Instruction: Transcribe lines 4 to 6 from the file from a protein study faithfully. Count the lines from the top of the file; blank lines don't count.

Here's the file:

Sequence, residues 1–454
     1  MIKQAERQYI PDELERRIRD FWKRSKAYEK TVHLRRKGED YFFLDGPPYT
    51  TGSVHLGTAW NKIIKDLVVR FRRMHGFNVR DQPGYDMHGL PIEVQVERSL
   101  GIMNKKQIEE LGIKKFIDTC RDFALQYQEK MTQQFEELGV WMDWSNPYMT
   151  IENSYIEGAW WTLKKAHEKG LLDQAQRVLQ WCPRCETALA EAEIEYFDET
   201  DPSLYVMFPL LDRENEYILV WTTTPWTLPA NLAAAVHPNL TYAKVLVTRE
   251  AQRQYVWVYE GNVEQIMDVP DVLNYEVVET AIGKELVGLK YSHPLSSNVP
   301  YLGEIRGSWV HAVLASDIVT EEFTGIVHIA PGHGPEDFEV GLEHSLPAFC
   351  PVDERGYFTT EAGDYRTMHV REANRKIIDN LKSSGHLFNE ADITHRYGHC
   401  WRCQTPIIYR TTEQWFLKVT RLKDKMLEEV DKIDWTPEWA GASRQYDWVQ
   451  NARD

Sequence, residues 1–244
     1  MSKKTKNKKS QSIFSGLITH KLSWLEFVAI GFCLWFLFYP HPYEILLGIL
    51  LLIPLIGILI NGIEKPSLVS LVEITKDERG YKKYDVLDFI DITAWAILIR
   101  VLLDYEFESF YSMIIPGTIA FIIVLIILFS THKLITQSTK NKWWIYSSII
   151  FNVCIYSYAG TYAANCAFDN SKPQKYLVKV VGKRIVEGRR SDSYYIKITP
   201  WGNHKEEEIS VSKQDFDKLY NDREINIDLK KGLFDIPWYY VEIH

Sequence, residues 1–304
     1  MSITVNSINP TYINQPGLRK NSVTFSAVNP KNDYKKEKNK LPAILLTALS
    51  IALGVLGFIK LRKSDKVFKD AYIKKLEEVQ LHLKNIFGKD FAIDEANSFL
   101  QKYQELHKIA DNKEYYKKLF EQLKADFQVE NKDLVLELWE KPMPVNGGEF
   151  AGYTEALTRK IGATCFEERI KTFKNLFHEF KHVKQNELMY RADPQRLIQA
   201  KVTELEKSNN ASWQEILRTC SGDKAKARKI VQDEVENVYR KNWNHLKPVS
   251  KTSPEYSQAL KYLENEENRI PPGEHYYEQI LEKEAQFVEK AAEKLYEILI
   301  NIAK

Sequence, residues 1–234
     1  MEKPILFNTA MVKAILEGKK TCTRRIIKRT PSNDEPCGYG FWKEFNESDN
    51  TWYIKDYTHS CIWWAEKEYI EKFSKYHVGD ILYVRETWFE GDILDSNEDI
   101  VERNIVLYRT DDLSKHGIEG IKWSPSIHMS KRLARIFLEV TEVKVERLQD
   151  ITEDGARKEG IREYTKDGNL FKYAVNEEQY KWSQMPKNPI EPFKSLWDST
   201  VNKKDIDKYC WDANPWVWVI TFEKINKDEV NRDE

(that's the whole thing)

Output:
   101  GIMNKKQIEE LGIKKFIDTC RDFALQYQEK MTQQFEELGV WMDWSNPYMT
   151  IENSYIEGAW WTLKKAHEKG LLDQAQRVLQ WCPRCETALA EAEIEYFDET
   201  DPSLYVMFPL LDRENEYILV WTTTPWTLPA NLAAAVHPNL TYAKVLVTRE